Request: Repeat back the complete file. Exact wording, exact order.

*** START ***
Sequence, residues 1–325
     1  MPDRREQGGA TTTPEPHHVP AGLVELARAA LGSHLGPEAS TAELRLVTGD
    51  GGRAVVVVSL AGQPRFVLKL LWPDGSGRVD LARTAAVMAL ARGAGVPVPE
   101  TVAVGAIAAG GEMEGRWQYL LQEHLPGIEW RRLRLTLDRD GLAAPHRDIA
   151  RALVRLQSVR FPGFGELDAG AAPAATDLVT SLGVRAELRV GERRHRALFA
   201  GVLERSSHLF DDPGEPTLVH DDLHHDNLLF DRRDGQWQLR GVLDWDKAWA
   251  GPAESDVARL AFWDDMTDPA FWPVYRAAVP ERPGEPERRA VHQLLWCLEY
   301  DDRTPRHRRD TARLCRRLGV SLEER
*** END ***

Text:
Sequence, residues 1–325
     1  MPDRREQGGA TTTPEPHHVP AGLVELARAA LGSHLGPEAS TAELRLVTGD
    51  GGRAVVVVSL AGQPRFVLKL LWPDGSGRVD LARTAAVMAL ARGAGVPVPE
   101  TVAVGAIAAG GEMEGRWQYL LQEHLPGIEW RRLRLTLDRD GLAAPHRDIA
   151  RALVRLQSVR FPGFGELDAG AAPAATDLVT SLGVRAELRV GERRHRALFA
   201  GVLERSSHLF DDPGEPTLVH DDLHHDNLLF DRRDGQWQLR GVLDWDKAWA
   251  GPAESDVARL AFWDDMTDPA FWPVYRAAVP ERPGEPERRA VHQLLWCLEY
   301  DDRTPRHRRD TARLCRRLGV SLEER